Affective Development

Affect, as a feature or type of behavior, and hence a focus of psychology, is one of the least understood and most difficult problems in the field. Affect relates to or encompasses a wide range of concepts and phenomena, including feelings, emotions, moods, motivation, and certain drives and instincts. Anger, joy, fear, laughter, sadness, anxiety, pride, love, hate, and so on—all are so central to human experience, yet so little understood by psychology. Theorists and researchers have approached affect in numerous ways, often using idiosyncratic, contradictory, or mutually exclusive conceptualizations and operational definitions that have resulted in confusion and limited progress in our understanding of affect or any of these other related or synonymous constructs.

The psychology of affective development seeks to describe, map out, and explain the processes, continuities, and changes in the experience, differentiation, and expression of affect. Most often, affective development is placed in dichotomy, or even counterpoint, with cognitive development, reflecting an age-old concern with mind-body dualism (thinking vs. feeling). Much of the discussion centers around the primacy of one over the other or the nature of their interaction or mutual influence. Referents and resolutions are often sought in the social domain, whether in terms of social cognition or object relations, because of the complexity and salience of interpersonal and intrapersonal relations for ideas, attitudes, feelings, and behavior. Whatever categorizations may be hypothesized for the sake of theory building or empirical inquiry, it is important to bear in mind the complexity of affective development and the limited state of our current knowledge.

From its early days, psychoanalysis, as a clinical and developmental psychology, has centered on affective development. Psychologists influenced by the organismic developmental psychology proposed by Heinz Werner in 1940 have also had a long-standing interest in affective development. In the 1970s and 1980s a number of conceptual and methodological advances converged, bringing about a resurgence of interest, priority, and legitimacy for the study of affective development, and it remains a productive domain of inquiry as the twenty-first century unfolds.

Models of affective development vary in the degree to which they emphasize biological elements or socialization elements. Darwinian and ethological models are especially interested in unlearned complex behavior and often posit central nervous system specificity and correspondence between stimulus or elicitors and an individual's affective response. Socialization models emphasize learning processes, especially in the infant-caregiver interaction, and situa-tional or environmental influences on affective experience or expression. Reliance on one or the other model type, of course, influences the manner in which affective development is understood or studied. For instance, biological re searchers might be more likely to measure electrophysio-logical responsiveness or neurophysiological correlates of specific emotions, whereas socialization researchers might be more interested in observing the quality of parent-child attachment and separation reactions over time. It is likely that multiple models and perspectives will be essential to furthering our understanding of affective development, and indeed such comprehensive and integrative approaches are evident in current theories of affective development such as Sroufe's organizational perspective and Tomkins's and Izard's differential emotions theory.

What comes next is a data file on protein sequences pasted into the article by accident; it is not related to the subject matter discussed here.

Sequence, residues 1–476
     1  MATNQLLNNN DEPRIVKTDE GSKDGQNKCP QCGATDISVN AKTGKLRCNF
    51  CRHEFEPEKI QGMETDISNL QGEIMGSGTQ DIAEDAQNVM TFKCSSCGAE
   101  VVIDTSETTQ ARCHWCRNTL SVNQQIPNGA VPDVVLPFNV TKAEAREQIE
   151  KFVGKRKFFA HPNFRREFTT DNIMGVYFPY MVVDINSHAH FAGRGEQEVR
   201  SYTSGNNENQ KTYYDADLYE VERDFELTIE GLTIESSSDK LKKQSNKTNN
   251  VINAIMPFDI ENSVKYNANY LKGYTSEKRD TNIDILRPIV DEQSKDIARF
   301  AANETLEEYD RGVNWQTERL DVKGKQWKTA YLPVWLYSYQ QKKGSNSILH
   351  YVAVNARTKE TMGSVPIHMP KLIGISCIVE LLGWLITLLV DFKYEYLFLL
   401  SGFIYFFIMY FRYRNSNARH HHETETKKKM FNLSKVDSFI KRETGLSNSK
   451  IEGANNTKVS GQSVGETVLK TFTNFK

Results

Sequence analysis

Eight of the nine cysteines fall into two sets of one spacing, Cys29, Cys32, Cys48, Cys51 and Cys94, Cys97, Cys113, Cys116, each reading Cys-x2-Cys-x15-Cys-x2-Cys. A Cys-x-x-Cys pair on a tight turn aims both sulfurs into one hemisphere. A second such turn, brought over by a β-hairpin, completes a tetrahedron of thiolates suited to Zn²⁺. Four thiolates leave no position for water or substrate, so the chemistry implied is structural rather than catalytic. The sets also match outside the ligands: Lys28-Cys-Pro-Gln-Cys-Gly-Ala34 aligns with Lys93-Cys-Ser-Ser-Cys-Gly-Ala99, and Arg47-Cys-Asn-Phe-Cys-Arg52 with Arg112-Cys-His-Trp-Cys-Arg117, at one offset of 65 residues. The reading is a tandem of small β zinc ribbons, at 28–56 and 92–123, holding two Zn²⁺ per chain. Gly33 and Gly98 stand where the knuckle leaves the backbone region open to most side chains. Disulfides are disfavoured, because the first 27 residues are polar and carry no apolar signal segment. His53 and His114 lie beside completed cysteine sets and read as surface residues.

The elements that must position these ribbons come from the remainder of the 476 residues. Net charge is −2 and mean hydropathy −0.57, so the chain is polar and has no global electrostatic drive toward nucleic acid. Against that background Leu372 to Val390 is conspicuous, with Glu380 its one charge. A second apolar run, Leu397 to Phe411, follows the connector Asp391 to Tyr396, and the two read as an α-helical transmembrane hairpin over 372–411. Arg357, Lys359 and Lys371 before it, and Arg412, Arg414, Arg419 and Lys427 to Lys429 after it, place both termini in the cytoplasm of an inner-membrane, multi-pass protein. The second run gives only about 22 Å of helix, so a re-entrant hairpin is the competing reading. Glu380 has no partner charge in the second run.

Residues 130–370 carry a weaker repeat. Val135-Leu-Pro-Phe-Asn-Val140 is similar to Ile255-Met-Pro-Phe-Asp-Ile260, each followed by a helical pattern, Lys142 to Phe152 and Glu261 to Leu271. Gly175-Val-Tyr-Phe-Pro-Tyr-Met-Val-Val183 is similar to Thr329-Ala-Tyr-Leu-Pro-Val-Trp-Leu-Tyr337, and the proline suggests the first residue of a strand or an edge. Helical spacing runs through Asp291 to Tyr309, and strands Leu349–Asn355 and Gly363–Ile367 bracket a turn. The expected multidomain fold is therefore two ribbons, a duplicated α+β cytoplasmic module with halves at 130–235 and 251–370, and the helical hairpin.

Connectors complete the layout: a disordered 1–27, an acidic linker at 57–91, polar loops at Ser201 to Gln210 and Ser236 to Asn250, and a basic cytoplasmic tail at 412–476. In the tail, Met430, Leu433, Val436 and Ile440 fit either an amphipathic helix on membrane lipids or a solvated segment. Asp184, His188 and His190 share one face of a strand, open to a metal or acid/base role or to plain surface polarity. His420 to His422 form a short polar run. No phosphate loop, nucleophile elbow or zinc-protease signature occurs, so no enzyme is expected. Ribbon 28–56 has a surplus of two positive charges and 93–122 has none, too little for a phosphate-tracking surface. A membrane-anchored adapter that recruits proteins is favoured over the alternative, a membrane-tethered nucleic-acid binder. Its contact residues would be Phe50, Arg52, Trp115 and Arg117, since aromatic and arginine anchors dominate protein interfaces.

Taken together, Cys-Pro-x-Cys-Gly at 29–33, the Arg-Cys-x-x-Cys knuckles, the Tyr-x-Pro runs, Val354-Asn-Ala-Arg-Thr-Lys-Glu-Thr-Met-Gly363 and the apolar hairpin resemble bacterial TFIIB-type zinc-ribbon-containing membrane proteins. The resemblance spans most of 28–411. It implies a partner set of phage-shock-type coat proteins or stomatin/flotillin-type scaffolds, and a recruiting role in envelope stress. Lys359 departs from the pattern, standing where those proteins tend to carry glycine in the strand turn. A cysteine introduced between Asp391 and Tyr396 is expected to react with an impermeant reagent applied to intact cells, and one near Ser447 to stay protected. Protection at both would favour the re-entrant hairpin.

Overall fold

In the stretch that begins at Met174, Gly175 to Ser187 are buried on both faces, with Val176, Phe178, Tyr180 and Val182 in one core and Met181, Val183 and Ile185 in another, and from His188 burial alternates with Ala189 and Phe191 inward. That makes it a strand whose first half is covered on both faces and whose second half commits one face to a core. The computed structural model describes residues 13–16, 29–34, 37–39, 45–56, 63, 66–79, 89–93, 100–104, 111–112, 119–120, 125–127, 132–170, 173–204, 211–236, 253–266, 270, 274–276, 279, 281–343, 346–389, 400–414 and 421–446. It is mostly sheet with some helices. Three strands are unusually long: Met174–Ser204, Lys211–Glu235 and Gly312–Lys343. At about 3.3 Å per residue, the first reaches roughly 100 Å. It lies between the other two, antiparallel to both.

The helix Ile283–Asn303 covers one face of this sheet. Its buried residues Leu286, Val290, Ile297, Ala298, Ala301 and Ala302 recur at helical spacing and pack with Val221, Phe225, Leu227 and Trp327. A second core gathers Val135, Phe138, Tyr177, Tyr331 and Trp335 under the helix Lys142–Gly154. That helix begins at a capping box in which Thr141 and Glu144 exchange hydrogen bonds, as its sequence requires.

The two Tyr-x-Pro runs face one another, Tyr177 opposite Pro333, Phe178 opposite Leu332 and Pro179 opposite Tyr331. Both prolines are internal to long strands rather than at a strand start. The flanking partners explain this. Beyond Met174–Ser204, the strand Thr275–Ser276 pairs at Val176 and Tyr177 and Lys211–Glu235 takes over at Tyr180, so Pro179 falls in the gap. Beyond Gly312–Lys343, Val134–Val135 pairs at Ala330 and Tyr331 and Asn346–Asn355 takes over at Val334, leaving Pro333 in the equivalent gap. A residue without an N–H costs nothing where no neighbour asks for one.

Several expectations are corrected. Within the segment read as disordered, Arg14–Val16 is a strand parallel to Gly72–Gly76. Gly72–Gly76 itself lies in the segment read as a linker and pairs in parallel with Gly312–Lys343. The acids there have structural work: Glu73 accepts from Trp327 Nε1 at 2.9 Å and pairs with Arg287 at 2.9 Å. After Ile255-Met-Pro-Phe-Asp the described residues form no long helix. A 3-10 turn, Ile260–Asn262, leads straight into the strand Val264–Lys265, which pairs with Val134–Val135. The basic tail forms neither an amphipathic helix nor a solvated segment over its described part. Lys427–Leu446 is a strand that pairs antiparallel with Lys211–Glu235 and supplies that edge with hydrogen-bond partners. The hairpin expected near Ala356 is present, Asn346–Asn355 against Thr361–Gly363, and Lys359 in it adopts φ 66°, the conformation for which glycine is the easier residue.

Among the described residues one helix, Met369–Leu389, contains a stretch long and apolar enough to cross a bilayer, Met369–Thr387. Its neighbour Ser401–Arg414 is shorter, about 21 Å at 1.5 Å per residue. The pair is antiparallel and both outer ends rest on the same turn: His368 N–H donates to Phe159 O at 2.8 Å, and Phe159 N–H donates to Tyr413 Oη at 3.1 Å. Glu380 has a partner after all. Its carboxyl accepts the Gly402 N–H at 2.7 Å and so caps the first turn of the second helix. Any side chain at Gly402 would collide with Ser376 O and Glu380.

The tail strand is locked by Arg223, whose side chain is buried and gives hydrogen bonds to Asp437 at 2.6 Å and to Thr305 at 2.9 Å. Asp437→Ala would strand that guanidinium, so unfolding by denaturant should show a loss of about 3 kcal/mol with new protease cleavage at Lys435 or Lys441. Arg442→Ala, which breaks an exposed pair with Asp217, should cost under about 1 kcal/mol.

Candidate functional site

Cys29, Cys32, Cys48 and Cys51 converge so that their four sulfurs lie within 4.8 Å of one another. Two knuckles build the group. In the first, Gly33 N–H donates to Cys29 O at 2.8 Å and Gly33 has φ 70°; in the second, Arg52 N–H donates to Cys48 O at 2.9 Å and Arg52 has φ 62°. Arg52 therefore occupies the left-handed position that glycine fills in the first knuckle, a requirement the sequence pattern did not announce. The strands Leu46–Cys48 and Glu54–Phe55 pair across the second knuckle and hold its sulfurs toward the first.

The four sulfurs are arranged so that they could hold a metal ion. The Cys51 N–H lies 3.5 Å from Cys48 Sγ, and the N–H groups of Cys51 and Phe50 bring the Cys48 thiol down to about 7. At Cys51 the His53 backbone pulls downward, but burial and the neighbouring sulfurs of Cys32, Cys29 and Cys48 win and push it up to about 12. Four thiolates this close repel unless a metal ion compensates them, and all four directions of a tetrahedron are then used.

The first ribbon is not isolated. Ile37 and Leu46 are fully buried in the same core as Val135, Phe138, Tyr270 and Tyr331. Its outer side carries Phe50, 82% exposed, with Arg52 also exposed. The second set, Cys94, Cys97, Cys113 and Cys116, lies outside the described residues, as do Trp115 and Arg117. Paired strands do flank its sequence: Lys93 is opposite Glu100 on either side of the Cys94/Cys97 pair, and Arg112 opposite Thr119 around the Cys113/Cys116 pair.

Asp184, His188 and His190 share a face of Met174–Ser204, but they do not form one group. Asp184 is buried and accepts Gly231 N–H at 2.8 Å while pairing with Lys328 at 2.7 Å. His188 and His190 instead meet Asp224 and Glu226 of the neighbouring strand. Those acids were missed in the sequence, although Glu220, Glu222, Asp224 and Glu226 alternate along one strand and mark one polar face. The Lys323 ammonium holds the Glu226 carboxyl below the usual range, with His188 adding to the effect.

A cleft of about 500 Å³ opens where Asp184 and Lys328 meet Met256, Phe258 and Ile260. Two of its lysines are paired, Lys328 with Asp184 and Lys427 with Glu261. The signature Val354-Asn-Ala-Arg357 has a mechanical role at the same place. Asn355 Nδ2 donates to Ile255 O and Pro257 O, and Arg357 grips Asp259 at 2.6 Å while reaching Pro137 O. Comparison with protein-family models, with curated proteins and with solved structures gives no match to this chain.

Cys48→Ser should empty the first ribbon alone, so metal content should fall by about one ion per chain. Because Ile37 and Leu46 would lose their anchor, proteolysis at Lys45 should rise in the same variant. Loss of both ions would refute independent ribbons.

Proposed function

In his review of current knowledge on affective development, Yarrow states:

Emotional expression can best be understood in a developmental context, in the framework of psychological changes accompanying the infant's increased autonomy, increasing awareness of a capacity to control people, objects, and self, and in the context of cognitive changes associated with a developing memory and the acquisition of object permanence. Similarly motor expression of emotion and the ability to inhibit and modulate responses to emotional stimuli are dependent on the maturation of the central nervous system. In examining the developmental course of emotional expression, it becomes evident that some aspects of emotional and cognitive development are on parallel lines; in other instances the cognitive skill is a prerequisite for emotional expression. Chronological age is not a simple variable; it is only a rough index of the psychological changes associated with the changing capacities of the child.

Donald L. Wertlieb Tufts University

See also: Cognitive Theories of Emotions

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